In this guest blog, our new Seminar Convenor, Michael Nelles, offers a preview of our upcoming autumn seminars.
Our next seminar series is just around the corner, and the programme has shaped up to be quite a diverse one indeed. We have eight seminars coming up at the IHR in 2013-2014, and our autumn series is now confirmed!
When I took over as Seminar Convenor at the beginning of the summer, our incoming Chair, Meta Zimmeck, had done some analysis of the range and scope of our previous seminar offerings, revealing topical areas and time periods that had been comparatively under-explored. The sensible thing to do seemed to be to work to fill some of these gaps, so this year I have invited a range of speakers who will hopefully help us to do just that.
We get things moving with Christopher Dyer on 7th October, as he presents his work into late-Medieval methods of poor relief. Professor Dyer will explore the treatment of the poor in England between 1300 and 1600, and explain how the state ultimately came to make compulsory arrangements for welfare based on voluntary systems that evolved from local institutions and practices. Those of you eager to read ahead may wish to consult his article, ‘Poverty and Its Relief in Late Medieval England’ in Past & Present no. 216 (Aug 2012).
Following this, we’ll be introducing a new element into our seminar programme—a series of ‘Witness’ seminars in which we will tap into the knowledge of historical players on the voluntary action and philanthropy scene over the past twenty-odd years.
We have invited David Billis to give the first of these on 4th November. David Billis was the outstanding pioneer of the academic study of the voluntary sector in the United Kingdom. He established the UK’s first university-based programme of research and teaching about voluntary action (PORTVAC) at Brunel University In 1978 and launched the first specialist postgraduate course for the sector in 1987. He moved to LSE in 1989 to set up the influential Centre for Voluntary Organisation (CVO) where he set the first postgraduate course for international NGOs (in 1990) and, with Dennis Young, established the international journal of Nonprofit Management and Leadership. David has developed a theoretical framework for understanding the sector in a series of papers and articles and two major books – Organising Public and Voluntary Agencies (Routledge, 1993) and Hybrid Organizations and the Third Sector (Palgrave, 2010). In this witness seminar David will talk about his life and his intellectual formation; discuss the way in which he became involved in the study of the sector; tell us about the establishment of PORTVAC and the CVO; set out his approach to building a theory of the sector; give us some reflections on what was going on at that time in the worlds of policy and practice; discuss the development of an academic field of voluntary sector studies; reflect on his links with the American scholarly community; and end with a short postscript on the state of the sector and the field of study today.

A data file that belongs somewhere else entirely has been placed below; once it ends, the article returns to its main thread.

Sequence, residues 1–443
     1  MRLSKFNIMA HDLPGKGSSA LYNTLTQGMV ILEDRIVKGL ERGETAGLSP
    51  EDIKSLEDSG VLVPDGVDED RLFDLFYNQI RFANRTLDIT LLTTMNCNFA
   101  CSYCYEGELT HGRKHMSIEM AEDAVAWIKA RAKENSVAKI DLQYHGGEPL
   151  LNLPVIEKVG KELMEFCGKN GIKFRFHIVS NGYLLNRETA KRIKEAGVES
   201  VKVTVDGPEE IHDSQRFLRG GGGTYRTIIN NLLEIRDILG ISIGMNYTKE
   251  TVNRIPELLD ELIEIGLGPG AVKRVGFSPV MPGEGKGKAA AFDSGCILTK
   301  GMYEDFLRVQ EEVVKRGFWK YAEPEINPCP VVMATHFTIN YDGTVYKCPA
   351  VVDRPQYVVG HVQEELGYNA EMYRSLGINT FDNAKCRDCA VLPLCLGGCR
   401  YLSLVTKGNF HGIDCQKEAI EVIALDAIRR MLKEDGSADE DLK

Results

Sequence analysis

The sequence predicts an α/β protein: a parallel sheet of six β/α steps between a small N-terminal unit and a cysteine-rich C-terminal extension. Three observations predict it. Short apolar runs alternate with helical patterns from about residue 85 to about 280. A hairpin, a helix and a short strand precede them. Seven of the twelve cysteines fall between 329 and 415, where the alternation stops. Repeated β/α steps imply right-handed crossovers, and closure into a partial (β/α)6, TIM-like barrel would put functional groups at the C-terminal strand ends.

A discussion on Twitter brought us into Daryl Leeworthy’s orbit. Daryl has recently moved to the University of Huddersfield, scene of our recent Conference, and his seminar on 18th November will explore the relationship between voluntarism and municipalism in the South Wales Coalfield, and its impact on recreational space and the expansion of playing fields, swimming pools and other sporting facilities during the inter-war years.
Sarah Mills will round out our autumn programme on 2nd December with a seminar on the historical geographies of the Scout movement. Her paper will explore concepts of youth citizenship in the first half of the twentieth century and the role of adult volunteers in ‘mixing the medicine of scouting’, investigating how the Scouts were able to construct a duty-bound self-regulated individual that would contribute as part of a wider collective body of British youth.
Details for our winter programme have been coming together nicely and are nearly ready. Watch this space!!